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inf file creates Unknown device in Device Manager

wtneowtneo Member Posts: 8

I am trying to modify Microsoft sample driver AVSHWS from software driver to detect PCIe card when loading.

Original inf section is:

[Manufacturer]
%ManufacturerName%=Standard, NTamd64
[Standard.NTamd64]
%avshws.DevicesDesc%=avshws,AVSHWS

I install using command line :
devcon install avshws.inf avshws

This entry creates a working device in Device manager:
Cameras -> AVStream Simulated Hardware Sample

I modified inx file in VS2019 and rebuild to:

[Manufacturer]
%Companyname%=Xilinx,NTamd64
[Xilinx.NTamd64]
%avshws.DeviceDesc%=            avshws,     PCI\VEN_10ee&DEV_9024

Install using:
devcon install avshws.inf PCI\VEN_10ee&DEV_9024

This steps also creates the same working device in device manager and it has bus location: PCI Slot 4 (PCI bus 4, device 0, function 0)
I have not added code to access PCIe yet.

However, an extra Unknown Device is also created un Class Cameras. Properties in Device manager reads:
Unknown device:
Manufacturer: Unknown
Location: Unknown
Driver status: No drivers are installed.
Device Instance path: ROOT\CAMERA\0000

What went wrong?

Neo

Comments

  • Tim_RobertsTim_Roberts Member - All Emails Posts: 14,109

    NEVER EVER use "devcon install" with a PnP device. "devcon install" creates a new FAKE device, and then loads your driver to handle it. You need to go into Device Manager and remove the fake device you've created. Use `pnputil /add_driver" to pre-install your driver into the driver store. Next time you reboot, your driver should be loaded for your device.

    Tim Roberts, [email protected]
    Providenza & Boekelheide, Inc.

  • craig_howardcraig_howard Member Posts: 196

    @Tim_Roberts said:
    NEVER EVER use "devcon install" with a PnP device. "devcon install" creates a new FAKE device, and then loads your driver to handle it. You need to go into Device Manager and remove the fake device you've created. Use `pnputil /add_driver" to pre-install your driver into the driver store. Next time you reboot, your driver should be loaded for your device.

    One reason that folks do use "devcon install" is that it actually starts the driver ... pnputil will simply add the driver, then wait for a reboot to actually start the driver. That's a non starter for machines that can't be rebooted at will (such as factory automation, or medical devices) or for machines that it's a pain for restart sequences (such as servers with lot's of network connections, or web server backends)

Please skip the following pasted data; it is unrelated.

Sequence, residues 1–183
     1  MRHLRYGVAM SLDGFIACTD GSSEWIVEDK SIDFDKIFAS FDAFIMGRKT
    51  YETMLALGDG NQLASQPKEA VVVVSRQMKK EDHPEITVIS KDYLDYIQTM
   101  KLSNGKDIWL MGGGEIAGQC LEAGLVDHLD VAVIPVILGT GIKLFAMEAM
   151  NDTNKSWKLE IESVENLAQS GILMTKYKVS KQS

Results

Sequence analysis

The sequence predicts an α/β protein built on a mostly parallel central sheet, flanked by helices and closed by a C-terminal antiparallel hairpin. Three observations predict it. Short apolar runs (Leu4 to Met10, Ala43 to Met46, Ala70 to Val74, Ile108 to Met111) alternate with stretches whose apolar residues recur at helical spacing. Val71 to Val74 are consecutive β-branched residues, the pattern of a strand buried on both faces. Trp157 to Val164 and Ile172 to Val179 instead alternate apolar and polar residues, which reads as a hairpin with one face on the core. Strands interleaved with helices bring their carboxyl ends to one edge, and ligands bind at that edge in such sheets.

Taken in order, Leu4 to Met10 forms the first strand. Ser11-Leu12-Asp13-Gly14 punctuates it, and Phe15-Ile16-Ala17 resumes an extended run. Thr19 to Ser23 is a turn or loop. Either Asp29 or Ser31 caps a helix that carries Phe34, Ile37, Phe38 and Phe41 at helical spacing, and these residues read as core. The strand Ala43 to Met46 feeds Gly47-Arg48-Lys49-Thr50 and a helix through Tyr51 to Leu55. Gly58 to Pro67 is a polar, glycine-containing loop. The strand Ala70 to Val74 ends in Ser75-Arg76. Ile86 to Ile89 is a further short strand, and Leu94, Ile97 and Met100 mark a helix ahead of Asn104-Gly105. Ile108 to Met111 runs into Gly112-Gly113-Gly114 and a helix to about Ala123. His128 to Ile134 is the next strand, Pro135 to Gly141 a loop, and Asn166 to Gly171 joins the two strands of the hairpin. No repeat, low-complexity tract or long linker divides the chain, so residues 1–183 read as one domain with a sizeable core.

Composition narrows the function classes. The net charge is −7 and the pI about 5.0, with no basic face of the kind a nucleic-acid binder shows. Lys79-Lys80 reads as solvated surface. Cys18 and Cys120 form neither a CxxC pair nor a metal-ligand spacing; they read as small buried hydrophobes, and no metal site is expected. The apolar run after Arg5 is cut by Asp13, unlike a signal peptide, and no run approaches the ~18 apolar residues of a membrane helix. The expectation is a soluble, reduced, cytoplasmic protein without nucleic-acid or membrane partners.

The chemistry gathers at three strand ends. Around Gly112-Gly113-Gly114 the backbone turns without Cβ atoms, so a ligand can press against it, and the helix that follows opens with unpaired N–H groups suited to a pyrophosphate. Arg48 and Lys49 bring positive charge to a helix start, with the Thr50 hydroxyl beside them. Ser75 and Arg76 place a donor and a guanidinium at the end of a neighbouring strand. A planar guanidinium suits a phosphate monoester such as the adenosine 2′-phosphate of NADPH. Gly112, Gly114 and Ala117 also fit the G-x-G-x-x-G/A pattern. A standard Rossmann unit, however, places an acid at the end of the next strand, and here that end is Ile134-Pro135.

A way to handle that is to programmatically trigger a device manager rescan after the driver has been added to the driver store ... this [ https://web.archive.org/web/20140111225728/http://support.microsoft.com/kb/259697 ] works very nicely in a Wix custom action DLL for a driver install ... installer runs, adds the driver to the store and triggers a rescan which load the driver, then the custom action DLL verifies the driver is up and running and happy and you're done ...

  • Doron_HolanDoron_Holan Member - All Emails Posts: 10,645
    Applying the package to an existing device is accomplished through devcon update. You don’t have to force a reenumeration in your installer, use DiInstallDriver and friends instead.
    d
  • Tim_RobertsTim_Roberts Member - All Emails Posts: 14,109

    pnputil /add_driver /install can perform this function as well.

    Tim Roberts, [email protected]
    Providenza & Boekelheide, Inc.

  • wtneowtneo Member Posts: 8

    @Tim_Roberts Thanks, your method works. I do not see Unknown device anymore.
    @craig_howard and @Doron_Holan , I am not familiar with writing these instructions so I am looking for some command line methods to trigger a driver start. Reboot takes too long on my test machine.

    Still, is there something wrong with my changes to inf file that causes 2 devices to be detected?

    Neo

  • gordon_lewisgordon_lewis Member Posts: 9
    edited October 8

    devcon.exe disable
    devcon.exe enable

    Or

    pnputil /disable-device /device-id
    pnputil /enable-device /device-id

    Or just use Device Manager (devmgmt.msc) to disable and then enable the device.

  • craig_howardcraig_howard Member Posts: 196

    @Tim_Roberts said:
    pnputil /add_driver /install can perform this function as well.

    Umm ... the /install option isn't on the pnputil on my Win10 boxes, and isn't in the doc's [ https://docs.microsoft.com/en-us/windows-hardware/drivers/devtest/pnputil-command-syntax ] ... when was the last time you ran that exact command?

    Devcon update, pnputil /disable-device, pnputil /enable-device, devcon disable, devcon enable all depend upon the PnP target already being in the PnP stack ... which is not what the OP is attempting to accomplish